Although turkey is the star of Thanksgiving tables across the United States, we do not lead the world in per person consumption. That title goes to Israel, with more than 34 pounds per capita, according to Marc Silver writing in the current issue of National Geographic magazine.
"In a country where red meat is expensive and pork is not kosher, turkeys provide a lot of meat that can be served a lot of ways," he writes, including as schnitzel, kebabs and even faux lamb chops. Ironically, the birds were first brought over to Israel from the United States back in the `50s.
Some other fun facts from the article:
_The U.S. raises 272 million turkeys a year.
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_Hens are the usual holiday birds, harvested at about 15 pounds, while toms hit 40 pounds and look forward to a destiny as deli meat.
_Turkeys are so big they must be artificially inseminated.
_And if that isn't insult enough, Silver ends by addressing the turkey's IQ, which is nearly as non-existent as its sex life. As Silver quotes Israeli poultry geneticist Gaddi Zeitlin: "It's a very stupid animal."
TOP TURKEY EATERS
Pounds per capita, 2005
1. Israel: 34.6
2. Slovakia: 31.3
3. United States: 16.1
4. France: 13.7
5. Hungary: 12.8
6. Grenada: 12.1
7. Dominica: 11.2
7. Ireland: 11.2
7. Samoa: 11.2
NOTE: HOURS ARE ALL CENTRAL STANDARD TIME
HOT LINE TO HOLIDAY HELP
Grappling with a recalcitrant turkey? Cranky cranberries? Persnickety pies? Hot lines and Web sites offer answers to cooking and food-safety questions during the holidays.
Here are a few:
_Butterball Turkey Talk-Line: 800-288-8372 or butterball.com. Home economists and nutritionists answer questions in English and Spanish. Hours are 8 a.m.-8 p.m. Wed.-Fri.; 8 a.m.-6 p.m. Sat.-Sun.; 8 a.m.-8 p.m. Mon.-Nov. 21; 6 a.m.-6 p.m. Thanksgiving Day; 8 a.m.-6 p.m. weekdays Nov. 23-Dec. 21. Check Web site for Christmas hours; automated assistance is available after hours. Butterball has added TurkeyTalk, a series of episodes on turkey know-how, preparation advice, stories from the Talk-Line and more. For a schedule, click on "Holiday Guide" on the Web site.
_Crisco Pie Hotline: 877-367-7438 or crisco.com. Baking experts answer questions about piemaking 7 a.m.-7 p.m. weekdays through Dec. 21; closed Thanksgiving and Dec. 24-25. Recorded information is available 24 hours daily.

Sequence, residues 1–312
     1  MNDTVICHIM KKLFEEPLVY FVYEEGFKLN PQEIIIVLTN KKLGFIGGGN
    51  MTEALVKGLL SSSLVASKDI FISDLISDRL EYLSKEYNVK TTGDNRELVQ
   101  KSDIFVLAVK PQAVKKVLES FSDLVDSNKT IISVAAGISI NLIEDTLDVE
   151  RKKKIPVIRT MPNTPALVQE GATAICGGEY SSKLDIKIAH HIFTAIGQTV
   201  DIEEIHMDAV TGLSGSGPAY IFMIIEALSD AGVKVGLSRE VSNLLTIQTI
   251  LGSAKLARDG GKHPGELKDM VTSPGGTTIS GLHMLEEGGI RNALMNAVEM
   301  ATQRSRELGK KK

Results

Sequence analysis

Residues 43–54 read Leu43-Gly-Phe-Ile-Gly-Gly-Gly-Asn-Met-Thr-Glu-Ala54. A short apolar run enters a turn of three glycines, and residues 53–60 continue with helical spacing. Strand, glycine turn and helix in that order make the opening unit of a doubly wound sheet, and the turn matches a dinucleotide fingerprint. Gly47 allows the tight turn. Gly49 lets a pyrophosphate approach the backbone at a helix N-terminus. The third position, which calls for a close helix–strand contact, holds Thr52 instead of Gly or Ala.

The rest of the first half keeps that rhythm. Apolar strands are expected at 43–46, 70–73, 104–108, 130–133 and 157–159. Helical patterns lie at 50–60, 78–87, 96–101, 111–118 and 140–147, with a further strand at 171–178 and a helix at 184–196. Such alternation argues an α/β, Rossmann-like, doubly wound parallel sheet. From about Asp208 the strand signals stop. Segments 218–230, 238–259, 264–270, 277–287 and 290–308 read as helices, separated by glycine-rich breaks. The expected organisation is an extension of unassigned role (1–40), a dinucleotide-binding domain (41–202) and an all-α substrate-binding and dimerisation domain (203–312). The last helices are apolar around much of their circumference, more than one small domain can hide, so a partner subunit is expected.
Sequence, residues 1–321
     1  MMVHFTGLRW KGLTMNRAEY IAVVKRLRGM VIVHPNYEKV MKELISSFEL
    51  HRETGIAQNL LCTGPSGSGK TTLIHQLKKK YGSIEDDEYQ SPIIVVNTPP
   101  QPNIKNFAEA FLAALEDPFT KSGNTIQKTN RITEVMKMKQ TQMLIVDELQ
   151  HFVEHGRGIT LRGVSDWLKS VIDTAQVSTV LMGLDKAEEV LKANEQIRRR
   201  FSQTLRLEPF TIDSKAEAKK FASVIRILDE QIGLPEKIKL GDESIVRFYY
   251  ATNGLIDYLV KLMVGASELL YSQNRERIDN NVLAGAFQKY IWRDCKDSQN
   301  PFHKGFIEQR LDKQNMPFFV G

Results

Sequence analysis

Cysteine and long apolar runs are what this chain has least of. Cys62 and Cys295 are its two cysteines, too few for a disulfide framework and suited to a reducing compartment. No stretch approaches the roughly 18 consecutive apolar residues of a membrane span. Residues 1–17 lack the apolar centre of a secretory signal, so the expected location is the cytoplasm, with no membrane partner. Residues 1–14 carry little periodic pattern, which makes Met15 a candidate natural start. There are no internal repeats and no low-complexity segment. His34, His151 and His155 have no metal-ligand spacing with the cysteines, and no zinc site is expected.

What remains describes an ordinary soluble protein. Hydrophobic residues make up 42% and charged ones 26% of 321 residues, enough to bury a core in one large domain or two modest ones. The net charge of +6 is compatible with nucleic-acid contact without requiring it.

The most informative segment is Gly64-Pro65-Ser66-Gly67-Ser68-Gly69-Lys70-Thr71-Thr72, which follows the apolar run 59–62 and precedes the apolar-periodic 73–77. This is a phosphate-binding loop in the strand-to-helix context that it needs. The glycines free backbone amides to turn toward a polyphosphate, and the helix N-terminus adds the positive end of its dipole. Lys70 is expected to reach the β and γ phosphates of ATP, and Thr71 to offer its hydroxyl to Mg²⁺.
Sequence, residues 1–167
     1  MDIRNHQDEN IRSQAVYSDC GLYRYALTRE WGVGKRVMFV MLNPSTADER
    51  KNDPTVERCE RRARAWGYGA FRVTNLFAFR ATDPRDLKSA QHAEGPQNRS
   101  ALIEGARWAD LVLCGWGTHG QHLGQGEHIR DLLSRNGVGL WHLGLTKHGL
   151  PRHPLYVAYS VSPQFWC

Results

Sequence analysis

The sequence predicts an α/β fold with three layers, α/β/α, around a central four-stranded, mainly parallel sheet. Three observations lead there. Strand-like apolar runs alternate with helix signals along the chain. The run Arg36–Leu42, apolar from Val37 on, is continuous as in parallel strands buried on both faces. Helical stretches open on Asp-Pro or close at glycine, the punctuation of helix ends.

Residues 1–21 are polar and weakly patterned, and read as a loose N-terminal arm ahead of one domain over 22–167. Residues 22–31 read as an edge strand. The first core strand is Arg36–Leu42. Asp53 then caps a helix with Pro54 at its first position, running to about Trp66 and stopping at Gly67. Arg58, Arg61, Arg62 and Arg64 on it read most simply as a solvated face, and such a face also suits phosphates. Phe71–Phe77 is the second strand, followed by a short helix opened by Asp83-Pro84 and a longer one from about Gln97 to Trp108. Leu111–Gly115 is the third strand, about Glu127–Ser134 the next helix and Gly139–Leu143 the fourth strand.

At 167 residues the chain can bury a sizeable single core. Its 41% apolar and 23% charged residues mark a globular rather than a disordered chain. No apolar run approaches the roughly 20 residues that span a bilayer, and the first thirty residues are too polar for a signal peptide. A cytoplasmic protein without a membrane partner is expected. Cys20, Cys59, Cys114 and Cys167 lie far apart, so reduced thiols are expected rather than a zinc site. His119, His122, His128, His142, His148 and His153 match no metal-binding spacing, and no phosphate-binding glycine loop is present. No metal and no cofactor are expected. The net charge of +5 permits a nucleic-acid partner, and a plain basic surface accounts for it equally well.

_King Arthur Flour Co. Bakers Hotline: 802-649-3717. Baking experts answer questions 7 a.m.-8 p.m. weekdays and 8 a.m.-8 p.m. Sat.-Sun. through December. Exceptions: 7 a.m.-4 p.m. Dec. 23 and 31; closed Thanksgiving Day, Dec. 24-25 and Jan. 1. You also can e-mail questions to firstname.lastname@example.org or visit online, kingarthurflour.com.
_Ocean Spray consumer help line 800-662-3263 or www.oceanspray.com. Consumer department fields questions on cranberries from 8 a.m.-3 p.m. weekdays, including Thanksgiving Day.
_Perdue consumer help line: 800-473-7383 or perdue.com. Representatives answer cooking, storage and other questions about poultry products. Regular hours: 8:30 a.m.-5 p.m. weekdays. Holiday hours: 8 a.m.-6 p.m. Mon.-Tues.; 8 a.m.-8 p.m. Nov. 21; 6 a.m.-2 p.m. Thanksgiving Day. Closed Nov. 23 and Christmas Day.
_Reynolds Turkey Tips Hotline, 800-745-4000 or reynoldskitchens.com. A year-round 24-hour automated hot line offers advice on turkey preparation.
_U.S. Department of Agriculture Meat and Poultry Hotline: 888-674-6854 or www.fsis.usda.gov. Food-safety specialists answer calls about meat and poultry preparation and cooking questions, 9 a.m.-3 p.m. weekdays year-round_except Thanksgiving Day, when hours are 7 a.m.-1 p.m. The Web site has a 24-hour automated response system; recorded information is available 24 hours a day.
You can thaw the holiday bird in the refrigerator if you have time, or speed things up by submerging it in cold water that you change every 30 minutes, according to the USDA. Do not thaw the turkey on the counter at room temperature. If thawing in the refrigerator, place the turkey on a tray or pan to contain any liquid that may drip.
In the refrigerator (about 24 hours per 4 pounds)
8 to 12 pounds: 2 to 3 days
12 to 16 pounds: 3 to 4 days
16 to 20 pounds: 4 to 5 days
20 to 24 pounds: 5 to 6 days
In cold water (about 30 minutes per pound)
8 to 12 pounds: 4 to 6 hours
12 to 16 pounds: 6 to 8 hours
16 to 20 pounds: 8 to 10 hours
20 to 24 pounds: 10 to 12 hours
Because today's standard turkey is younger and more tender than in the past, it cooks more quickly. Use these up-to-date USDA recommended times instead of those found in older cookbooks and references. Cook at 325 degrees. A whole turkey is safe when cooked to a minimum internal temperature of 165 degrees as measured with a food thermometer, according to the USDA. Check the internal temperature in the innermost part of the thigh and wing and the thickest part of the breast. If cooking stuffing inside the bird, make sure the center of the stuffing reaches 165 degrees. Even if your turkey has a "pop-up" temperature indicator, the USDA recommends checking the internal temperature with a food thermometer.
8 to 12 pounds; 2 ¾ to 3 hours; 3 to 3 ½ hours
12 to 14 pounds; 3 to 3 ¾ hours; 3 ½ to 4 hours
14 to 18 pounds; 3 ¾ to 4 ¼ hours; 4 to 4 ¼ hours
18 to 20 pounds; 4 ¼ to 4 ½ hours; 4 ¼ to 4 ¾ hours
20 to 24 pounds; 4 ½ to 5 hours; 4 ¾ to 5 ¼ hours